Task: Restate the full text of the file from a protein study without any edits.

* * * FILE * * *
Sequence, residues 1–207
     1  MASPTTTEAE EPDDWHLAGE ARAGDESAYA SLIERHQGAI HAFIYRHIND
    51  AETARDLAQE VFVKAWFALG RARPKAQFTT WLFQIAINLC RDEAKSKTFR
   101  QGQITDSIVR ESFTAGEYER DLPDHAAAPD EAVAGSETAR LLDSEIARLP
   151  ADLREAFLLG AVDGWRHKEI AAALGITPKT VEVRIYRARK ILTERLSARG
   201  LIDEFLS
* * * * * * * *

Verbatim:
Sequence, residues 1–207
     1  MASPTTTEAE EPDDWHLAGE ARAGDESAYA SLIERHQGAI HAFIYRHIND
    51  AETARDLAQE VFVKAWFALG RARPKAQFTT WLFQIAINLC RDEAKSKTFR
   101  QGQITDSIVR ESFTAGEYER DLPDHAAAPD EAVAGSETAR LLDSEIARLP
   151  ADLREAFLLG AVDGWRHKEI AAALGITPKT VEVRIYRARK ILTERLSARG
   201  LIDEFLS